Thursday, August 26, 2010

For them - Water is Over-rated

Powdery Mildew on summer squash (Erysiphe cichoracearum)

These are no happy days for my summer squash - they are being "harassed" by powdery mildew.  There are different species of powdery mildew and they are plant-specific.  For example Erysiphe cruciferarum will infect crucifers while Erysiphe pisi prefers peas.  The pathogens that cause powdery mildew are unique from most leaf-infecting diseases because their spores do not require free water to germinate.  As a result they can infect their host plants in very dry condition such as ours. That is why in a time when blackspots and peach curl are all wiped off by the lack of moisture, powdery mildew is thriving happily.

The strength of this pathogen to withstand the lack of water can be totally reversed by water itself.  Hosing the leaves with water will do the trick depending on the severity or stage of the infection.  

Some literature on powdery mildew:


Tatyana@MySecretGarden said...

I've never heard about using water to fight powderly mildew! Thank you Helen for educating me! Our summer was unusually cool, and it looks like our squash will be very late.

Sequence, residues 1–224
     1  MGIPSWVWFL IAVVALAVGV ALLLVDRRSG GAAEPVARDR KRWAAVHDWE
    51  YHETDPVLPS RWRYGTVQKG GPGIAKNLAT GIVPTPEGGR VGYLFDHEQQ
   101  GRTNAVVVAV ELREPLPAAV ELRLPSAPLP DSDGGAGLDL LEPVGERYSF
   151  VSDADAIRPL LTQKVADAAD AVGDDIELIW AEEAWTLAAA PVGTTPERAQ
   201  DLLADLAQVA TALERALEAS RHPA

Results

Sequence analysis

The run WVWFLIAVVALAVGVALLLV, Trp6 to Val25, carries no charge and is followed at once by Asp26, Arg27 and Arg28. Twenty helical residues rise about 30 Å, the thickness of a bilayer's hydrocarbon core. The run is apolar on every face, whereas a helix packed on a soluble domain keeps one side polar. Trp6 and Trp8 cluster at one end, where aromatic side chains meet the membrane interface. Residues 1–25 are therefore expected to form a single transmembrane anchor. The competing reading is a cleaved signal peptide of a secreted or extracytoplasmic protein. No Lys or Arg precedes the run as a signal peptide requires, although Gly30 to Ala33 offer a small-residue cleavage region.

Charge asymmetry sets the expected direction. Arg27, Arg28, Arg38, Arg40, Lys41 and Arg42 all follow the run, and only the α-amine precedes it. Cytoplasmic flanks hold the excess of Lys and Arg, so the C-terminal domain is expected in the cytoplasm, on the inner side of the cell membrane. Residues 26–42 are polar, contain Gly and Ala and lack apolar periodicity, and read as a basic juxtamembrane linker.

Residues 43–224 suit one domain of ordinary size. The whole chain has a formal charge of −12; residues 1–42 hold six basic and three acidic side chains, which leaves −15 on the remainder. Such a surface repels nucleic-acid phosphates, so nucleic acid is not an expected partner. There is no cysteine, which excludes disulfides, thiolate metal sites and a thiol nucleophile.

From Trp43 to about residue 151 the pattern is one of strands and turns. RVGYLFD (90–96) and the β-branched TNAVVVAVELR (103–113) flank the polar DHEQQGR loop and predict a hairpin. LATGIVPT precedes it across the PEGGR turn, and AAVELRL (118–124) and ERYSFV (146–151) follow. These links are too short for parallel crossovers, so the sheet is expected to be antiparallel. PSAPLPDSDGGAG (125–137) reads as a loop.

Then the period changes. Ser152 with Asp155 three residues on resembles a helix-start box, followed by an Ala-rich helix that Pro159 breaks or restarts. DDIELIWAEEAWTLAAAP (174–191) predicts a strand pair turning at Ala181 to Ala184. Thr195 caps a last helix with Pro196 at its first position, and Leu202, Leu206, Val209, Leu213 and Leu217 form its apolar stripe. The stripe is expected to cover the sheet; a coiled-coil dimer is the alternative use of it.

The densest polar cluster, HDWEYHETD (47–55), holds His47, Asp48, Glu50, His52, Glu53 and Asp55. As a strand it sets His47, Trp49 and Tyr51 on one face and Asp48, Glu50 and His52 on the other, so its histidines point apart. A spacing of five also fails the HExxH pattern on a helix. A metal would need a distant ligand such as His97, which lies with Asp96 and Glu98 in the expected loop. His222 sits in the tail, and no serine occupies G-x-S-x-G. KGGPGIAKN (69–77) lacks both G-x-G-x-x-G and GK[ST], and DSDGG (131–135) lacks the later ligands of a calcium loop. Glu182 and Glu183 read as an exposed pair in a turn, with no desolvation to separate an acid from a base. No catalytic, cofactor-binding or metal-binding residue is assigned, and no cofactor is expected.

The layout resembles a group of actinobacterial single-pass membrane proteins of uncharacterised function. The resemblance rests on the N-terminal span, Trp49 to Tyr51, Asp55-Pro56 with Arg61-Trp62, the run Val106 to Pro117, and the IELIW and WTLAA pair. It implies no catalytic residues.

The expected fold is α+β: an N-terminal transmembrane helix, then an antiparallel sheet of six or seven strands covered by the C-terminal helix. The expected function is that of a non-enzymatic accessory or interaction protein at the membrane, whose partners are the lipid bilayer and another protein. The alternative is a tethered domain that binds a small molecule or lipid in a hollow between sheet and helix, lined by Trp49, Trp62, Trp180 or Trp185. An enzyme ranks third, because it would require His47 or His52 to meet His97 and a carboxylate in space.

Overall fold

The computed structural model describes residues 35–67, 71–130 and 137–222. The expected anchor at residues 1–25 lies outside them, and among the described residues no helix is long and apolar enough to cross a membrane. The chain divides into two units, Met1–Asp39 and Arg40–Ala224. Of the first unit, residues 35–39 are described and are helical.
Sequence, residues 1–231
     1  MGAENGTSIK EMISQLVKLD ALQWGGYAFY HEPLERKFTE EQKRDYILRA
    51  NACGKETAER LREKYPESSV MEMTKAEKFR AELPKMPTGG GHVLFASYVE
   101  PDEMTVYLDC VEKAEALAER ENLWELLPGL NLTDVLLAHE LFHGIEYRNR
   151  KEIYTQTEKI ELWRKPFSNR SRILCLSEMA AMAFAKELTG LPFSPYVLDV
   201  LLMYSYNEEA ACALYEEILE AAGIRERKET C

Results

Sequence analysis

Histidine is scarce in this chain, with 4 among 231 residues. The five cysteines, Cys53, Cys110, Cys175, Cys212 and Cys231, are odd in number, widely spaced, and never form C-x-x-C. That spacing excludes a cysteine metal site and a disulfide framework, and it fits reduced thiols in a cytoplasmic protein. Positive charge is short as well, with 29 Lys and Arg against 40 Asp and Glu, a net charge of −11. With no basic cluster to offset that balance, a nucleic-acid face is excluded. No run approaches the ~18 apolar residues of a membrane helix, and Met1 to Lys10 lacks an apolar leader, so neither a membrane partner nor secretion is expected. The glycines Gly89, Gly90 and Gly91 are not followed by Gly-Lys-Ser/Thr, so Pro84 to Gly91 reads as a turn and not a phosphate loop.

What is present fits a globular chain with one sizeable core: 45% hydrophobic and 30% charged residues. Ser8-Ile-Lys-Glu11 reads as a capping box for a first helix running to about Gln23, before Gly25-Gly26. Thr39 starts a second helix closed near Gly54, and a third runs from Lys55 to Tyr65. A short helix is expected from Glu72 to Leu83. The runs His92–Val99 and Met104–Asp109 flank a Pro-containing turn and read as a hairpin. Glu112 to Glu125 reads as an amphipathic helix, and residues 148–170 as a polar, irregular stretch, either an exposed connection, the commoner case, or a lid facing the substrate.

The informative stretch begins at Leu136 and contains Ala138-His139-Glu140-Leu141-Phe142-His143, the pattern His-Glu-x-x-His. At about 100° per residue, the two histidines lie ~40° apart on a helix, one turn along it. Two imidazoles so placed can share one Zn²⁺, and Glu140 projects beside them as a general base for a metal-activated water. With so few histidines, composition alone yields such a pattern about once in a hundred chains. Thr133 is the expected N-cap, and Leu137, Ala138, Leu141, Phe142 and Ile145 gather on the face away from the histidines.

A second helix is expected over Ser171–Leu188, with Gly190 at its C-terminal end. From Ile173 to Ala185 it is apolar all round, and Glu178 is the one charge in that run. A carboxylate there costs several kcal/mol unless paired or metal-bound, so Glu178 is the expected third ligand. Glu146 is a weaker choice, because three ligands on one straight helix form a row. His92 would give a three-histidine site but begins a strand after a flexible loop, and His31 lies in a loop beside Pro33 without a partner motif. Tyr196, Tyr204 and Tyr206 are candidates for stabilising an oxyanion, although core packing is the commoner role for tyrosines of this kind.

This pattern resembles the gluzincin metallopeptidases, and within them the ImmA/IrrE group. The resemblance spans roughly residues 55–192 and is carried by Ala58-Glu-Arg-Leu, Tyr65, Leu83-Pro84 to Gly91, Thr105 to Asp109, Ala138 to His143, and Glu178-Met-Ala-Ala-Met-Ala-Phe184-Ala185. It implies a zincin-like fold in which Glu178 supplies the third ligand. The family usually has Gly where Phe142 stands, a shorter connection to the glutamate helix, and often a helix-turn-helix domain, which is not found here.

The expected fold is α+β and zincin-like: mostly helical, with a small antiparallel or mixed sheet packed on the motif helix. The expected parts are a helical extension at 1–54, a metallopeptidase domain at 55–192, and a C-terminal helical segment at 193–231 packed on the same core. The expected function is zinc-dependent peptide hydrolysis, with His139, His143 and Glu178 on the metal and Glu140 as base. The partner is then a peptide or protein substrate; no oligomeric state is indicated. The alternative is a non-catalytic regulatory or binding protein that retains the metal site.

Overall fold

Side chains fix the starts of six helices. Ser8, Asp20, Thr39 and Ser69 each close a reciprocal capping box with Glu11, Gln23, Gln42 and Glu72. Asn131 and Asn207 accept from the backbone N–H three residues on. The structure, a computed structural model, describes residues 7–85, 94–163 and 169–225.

Autumn Belle said...

I am very worried when I see powdery mildew on the leves. Luckily there is a cure that does not need the use of harmful chemicals.

Helen Lewis said...

Tatyana-- It's an old method which works well if done at the early stages of infection. Also, it is important to do it when the sun is up (between 10-2 pm)so that the leaves get dry quickly to avoid the proliferation of other diseases.

Thanks for your comment. I appreciate it.

Helen Lewis said...

Belle -- Yes you can go chemical free with the right technique. If you are dealing with few number of plants you might also hand spray them with dishwashing soap and water. On my roses I usually put four pumps of soap to a pint of water. This will disturb the growth of the spores.

Thank you for showing interest in my blog. I looked at your blog also and it is amazing. You are indeed a good photographer!

Curbstone Valley Farm said...

Considering how odd our summer weather has been, I'm surprised we haven't seen more powdery mildew here this year...not that there's not still time! I have used the dilute ivory soap method before with good success, but next time I might try just the hose!

Helen Lewis said...

Curbstone Valley-- I hope you'll not see the disease at all. It's always better to not have to deal with it...we get more time to do the fun stuff. :)

Anonymous said...

If powdery mildew is on a lettuce or chard leaf and you wash it off, is the leaf safe to eat?

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